Every day, all across America, more and more teenagers are going vegetarian--and here's the book that has all the answers they want and need. The guide covers all the bases--from nutritional requirements to dealing with anxious parents and friends--and includes some easy beginner's recipes. It all adds up to the most comprehensive, accessible book ...
Every day, all across America, more and more teenagers are going vegetarian--and here's the book that has all the answers they want and need. The guide covers all the bases--from nutritional requirements to dealing with anxious parents and friends--and includes some easy beginner's recipes. It all adds up to the most comprehensive, accessible book of its kind.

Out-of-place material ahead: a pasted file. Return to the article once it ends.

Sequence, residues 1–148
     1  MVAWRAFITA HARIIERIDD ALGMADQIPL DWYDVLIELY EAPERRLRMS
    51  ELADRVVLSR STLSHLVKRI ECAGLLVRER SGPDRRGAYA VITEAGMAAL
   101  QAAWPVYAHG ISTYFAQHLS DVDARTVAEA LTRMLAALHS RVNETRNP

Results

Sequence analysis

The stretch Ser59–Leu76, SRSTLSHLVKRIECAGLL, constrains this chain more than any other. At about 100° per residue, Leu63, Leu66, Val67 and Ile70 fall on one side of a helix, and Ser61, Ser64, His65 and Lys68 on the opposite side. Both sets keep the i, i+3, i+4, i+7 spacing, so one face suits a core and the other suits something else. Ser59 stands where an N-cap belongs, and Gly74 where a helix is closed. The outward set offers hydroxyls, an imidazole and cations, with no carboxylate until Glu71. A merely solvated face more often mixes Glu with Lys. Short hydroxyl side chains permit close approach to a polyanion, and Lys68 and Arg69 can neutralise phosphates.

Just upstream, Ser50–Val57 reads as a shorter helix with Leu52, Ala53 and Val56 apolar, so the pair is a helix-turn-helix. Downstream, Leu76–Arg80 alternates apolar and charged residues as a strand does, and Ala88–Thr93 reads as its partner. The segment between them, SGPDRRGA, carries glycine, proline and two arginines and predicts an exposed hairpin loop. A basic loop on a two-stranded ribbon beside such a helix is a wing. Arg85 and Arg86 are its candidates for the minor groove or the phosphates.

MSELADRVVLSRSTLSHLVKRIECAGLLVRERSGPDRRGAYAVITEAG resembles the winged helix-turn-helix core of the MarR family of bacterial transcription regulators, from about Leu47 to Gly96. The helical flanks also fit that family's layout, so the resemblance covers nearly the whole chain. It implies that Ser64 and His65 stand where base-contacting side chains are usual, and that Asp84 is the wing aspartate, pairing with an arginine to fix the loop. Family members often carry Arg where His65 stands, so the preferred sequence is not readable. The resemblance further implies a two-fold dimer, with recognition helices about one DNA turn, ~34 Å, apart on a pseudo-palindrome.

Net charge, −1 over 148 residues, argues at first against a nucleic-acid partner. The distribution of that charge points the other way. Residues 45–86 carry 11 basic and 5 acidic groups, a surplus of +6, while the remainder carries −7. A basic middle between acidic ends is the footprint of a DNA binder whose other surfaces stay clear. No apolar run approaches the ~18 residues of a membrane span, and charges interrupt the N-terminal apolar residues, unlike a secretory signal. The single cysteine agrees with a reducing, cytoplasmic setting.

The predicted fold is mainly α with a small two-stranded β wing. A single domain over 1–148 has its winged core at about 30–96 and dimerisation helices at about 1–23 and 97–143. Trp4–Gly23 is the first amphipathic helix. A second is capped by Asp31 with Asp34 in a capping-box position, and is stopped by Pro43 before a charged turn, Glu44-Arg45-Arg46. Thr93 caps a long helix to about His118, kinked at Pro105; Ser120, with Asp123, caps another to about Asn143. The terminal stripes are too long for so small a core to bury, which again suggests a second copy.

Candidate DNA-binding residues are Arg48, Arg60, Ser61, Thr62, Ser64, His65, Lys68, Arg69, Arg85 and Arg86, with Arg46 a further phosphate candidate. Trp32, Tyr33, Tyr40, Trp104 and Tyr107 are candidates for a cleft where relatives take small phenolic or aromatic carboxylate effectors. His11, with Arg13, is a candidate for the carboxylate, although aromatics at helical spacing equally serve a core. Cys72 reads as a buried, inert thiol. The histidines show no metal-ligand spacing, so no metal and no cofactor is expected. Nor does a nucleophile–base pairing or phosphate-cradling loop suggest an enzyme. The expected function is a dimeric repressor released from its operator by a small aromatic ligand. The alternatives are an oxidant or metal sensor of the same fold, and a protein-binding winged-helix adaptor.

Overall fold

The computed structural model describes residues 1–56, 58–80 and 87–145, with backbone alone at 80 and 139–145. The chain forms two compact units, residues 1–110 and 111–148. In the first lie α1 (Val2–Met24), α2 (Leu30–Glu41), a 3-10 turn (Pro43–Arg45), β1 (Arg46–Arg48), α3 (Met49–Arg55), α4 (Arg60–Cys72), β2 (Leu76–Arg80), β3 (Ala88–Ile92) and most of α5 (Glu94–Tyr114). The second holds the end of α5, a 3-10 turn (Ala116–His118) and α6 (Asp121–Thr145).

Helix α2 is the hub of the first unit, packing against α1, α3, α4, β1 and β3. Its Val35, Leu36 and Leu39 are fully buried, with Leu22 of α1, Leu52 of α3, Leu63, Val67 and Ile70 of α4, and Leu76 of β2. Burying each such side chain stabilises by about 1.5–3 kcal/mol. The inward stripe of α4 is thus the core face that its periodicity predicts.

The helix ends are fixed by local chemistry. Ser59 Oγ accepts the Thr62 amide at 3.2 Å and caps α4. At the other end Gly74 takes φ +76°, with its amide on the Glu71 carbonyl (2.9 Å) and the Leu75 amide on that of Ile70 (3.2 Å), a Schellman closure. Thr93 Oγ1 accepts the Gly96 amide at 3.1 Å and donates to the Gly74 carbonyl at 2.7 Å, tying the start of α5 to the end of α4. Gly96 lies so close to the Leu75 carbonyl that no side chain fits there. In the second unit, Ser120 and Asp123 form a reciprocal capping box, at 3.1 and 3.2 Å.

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Publishers Weekly, 1994-12-05 Punctuating his writing with short quotes drawn from interviews with young people, Wormser (Hoboes) discusses issues faced by Muslims in America. First he outlines basic tenets of the religion, then focuses on two quite different groups, immigrants from the Middle East and African Americans. He emphasizes matters relevant to teens, such as navigating the strict codes of Islamic dating, dealing with peer pressure, and adapting ancient customs to modern life. On the whole, his account tends to idealize his subjects. For example, after introducing the popularly held belief that ``Muslim men rule the household,'' the author quotes a Muslim (male): ``It doesn't make sense to try and dominate your wife.... Islam teaches that the man has the final decision in the family, but you should always discuss things with your wife and try to reach a joint decision.'' Elsewhere Wormser resorts to generalizations: ``Most Muslim students are comfortable with their religion.'' And while a chapter on the Nation of Islam perceptively suggests reasons for the increasing popularity of Islam among African Americans, the racist and anti-Semitic comments by leaders of the Nation are tacitly presented as reactions to years of oppression. Ages 12-up. (Dec.)
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